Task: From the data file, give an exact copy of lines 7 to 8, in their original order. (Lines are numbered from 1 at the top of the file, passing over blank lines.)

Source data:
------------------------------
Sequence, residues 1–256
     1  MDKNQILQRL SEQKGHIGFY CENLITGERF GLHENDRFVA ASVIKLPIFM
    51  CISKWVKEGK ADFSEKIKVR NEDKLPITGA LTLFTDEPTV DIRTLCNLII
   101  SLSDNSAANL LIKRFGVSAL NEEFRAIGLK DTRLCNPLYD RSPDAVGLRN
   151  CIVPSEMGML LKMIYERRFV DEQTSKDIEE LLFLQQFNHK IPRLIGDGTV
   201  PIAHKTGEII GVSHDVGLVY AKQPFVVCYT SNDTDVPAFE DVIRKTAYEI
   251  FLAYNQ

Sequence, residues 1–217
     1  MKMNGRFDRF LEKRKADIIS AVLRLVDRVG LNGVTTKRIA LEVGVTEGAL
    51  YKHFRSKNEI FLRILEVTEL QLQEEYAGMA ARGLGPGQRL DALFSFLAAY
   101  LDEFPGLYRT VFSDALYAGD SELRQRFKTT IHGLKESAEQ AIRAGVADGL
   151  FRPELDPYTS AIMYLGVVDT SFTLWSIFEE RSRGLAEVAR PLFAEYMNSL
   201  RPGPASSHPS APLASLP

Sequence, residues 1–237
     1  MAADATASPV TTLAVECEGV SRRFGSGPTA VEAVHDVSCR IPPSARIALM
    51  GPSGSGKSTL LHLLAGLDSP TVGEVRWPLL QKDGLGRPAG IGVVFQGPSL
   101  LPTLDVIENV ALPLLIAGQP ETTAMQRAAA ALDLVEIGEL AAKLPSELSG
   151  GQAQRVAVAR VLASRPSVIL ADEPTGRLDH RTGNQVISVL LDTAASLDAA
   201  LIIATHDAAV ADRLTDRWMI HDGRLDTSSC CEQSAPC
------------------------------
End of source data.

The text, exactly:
   251  FLAYNQ

Sequence, residues 1–217